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Home > India > Cricket > IPL > Report

I relish playing under pressure, says Yusuf Pathan

Harish Kotian in Mumbai | June 02, 2008 19:53 IST

Yusuf Pathan

Yusuf Pathan gained revenge of sorts after playing a stellar role in the final and helping Rajasthan Royals win the inaugural Indian Premier League [Images] on Sunday.

Around a year ago, the dashing all-rounder was part of India's victorious Twenty20 World Cup-winning squad, but ignored for the whole tournament, save a solitary opportunity in the final after Virender Sehwag [Images] was indisposed due to injury.

Thus, his match-winning knock of 56, coupled with three wickets, was like a slap in the face for Chennai Super Kings [Images] captain Mahendra Singh Dhoni [Images], who had given him the cold shoulder during India's first Twenty20 outing in South Africa.

Yusuf amassed 435 runs in 16 matches in the IPL, at an amazing strike rate of 179, inclusive of 43 boundaries and 25 sixes. His exploits now have the entire nation in awe of his batting prowess.

"I am feeling very happy, since it was the first ever IPL tournament. Also, it feels very special when you play a major part in helping the team win the title," Yusuf told in Mumbai on Monday.

Even though he is being credited for a playing a major role in Rajasthan's title triumph, Yusuf is quick to point out that it was team effort and no individual should be singled out.

Yusuf Pathan and Shane Warne"The team is very happy since everyone has put in so much effort throughout the tournament. It is not that I was the only one who contributed; it was team effort overall that helped us perform so consistently through the tournament and ultimately win it," he said.

The Shane Warne [Images] factor though does get special mention.

"Obviously, Shane Warne played a major part in our triumph. The support staff, including [performance coach Jeremy] Snape and [director of coaching] Darren Berry also played key roles by helping us prepare for the matches," Yusuf admitted.

The Baroda all-rounder hit four half-centuries in the IPL, including the fastest of the tournament, off just 21 deliveries. Each time he strode out to bat, he either bailed his team out of a difficult position or guided it to victory with some inspired stroke-making.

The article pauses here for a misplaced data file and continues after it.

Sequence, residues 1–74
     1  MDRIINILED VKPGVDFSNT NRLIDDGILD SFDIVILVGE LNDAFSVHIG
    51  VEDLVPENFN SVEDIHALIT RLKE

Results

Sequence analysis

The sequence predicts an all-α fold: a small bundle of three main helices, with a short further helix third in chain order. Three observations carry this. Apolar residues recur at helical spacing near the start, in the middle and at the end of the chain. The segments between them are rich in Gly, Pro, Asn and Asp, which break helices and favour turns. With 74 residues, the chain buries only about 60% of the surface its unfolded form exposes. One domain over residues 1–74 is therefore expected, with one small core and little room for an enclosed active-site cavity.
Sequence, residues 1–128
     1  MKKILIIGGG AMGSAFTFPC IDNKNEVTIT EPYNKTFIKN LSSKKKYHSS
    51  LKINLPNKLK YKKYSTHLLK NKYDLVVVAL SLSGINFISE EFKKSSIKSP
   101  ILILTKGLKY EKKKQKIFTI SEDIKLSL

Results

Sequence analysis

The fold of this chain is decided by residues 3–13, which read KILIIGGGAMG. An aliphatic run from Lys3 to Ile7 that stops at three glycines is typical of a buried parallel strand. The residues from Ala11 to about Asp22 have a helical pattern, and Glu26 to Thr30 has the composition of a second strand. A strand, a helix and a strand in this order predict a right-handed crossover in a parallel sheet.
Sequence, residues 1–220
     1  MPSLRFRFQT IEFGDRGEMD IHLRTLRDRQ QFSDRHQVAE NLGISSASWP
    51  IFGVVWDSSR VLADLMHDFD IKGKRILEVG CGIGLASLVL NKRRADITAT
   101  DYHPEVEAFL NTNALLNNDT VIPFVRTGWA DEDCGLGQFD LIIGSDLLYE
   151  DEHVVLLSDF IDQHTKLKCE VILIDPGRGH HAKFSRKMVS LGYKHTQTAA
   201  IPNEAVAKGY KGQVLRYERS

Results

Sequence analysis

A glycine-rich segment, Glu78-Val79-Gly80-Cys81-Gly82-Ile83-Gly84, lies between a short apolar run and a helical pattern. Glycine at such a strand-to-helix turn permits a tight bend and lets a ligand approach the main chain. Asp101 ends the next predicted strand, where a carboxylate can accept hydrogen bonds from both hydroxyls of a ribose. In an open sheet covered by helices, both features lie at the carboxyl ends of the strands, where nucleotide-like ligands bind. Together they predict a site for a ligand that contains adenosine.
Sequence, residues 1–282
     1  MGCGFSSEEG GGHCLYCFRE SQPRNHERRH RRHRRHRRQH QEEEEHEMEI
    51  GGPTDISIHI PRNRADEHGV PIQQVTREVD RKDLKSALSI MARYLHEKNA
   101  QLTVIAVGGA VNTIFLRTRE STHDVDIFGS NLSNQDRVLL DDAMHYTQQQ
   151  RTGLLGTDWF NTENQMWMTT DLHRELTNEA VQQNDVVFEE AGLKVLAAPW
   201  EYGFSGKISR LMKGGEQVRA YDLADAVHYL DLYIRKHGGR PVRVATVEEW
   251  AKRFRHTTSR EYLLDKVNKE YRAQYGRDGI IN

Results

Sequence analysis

Indeed, Yusuf, who was signed up for US $475,000 in the auction, was worth every penny his owners, Emerging Media, paid for him. He revealed that playing under pressure brings out the best in him.

"I relish playing under pressure. I enjoy batting whenever there is pressure on our team. In the final, we were under pressure when I came in and I had the opportunity to prove myself. Even in the earlier matches, I came in when we had to either push on with the scoring rate or were behind the asking rate while chasing. So every time I came in to bat I had to attack the bowling.

'And, frankly speaking, I also enjoy hitting the ball; so I don't mind such situations," he declared.

It was certainly no flash-in-the pan success for the 25-year-old. He came into the tournament on the back of a successful showing in the Ranji Trophy, where he scored 441 runs in seven matches, with a strike rate of 110, something quite unusual for four-day games.

Asked what lessons he takes back from the IPL, now that he has made it to the Indian one-day squad for the Bangladesh tri-series and Asia Cup, Yusuf replied:  "I have learnt a lot from the IPL. There were a few senior international players in our squad from whom I picked up a lot of things. I am sure that will help me in future when I play for India."

With younger brother Irfan, who played for Kings XI Punjab [Images], getting knocked out in the semi-finals, Yusuf assures there won't be a bragging match once he reaches home.

"No, I won't tease or taunt him. It is just cricket and there is always a winner and loser. He could have also finished on the winning side, but it happens sometimes... and to everyone."

Irfan, he said, was the one who showed him the way and still continues to inspire and motivate.

"Irfan did wish me good luck before the final. He wanted to come and watch the final to cheer for me, but could not make it due to some reason," he said, before rushing off to catch a flight for home.

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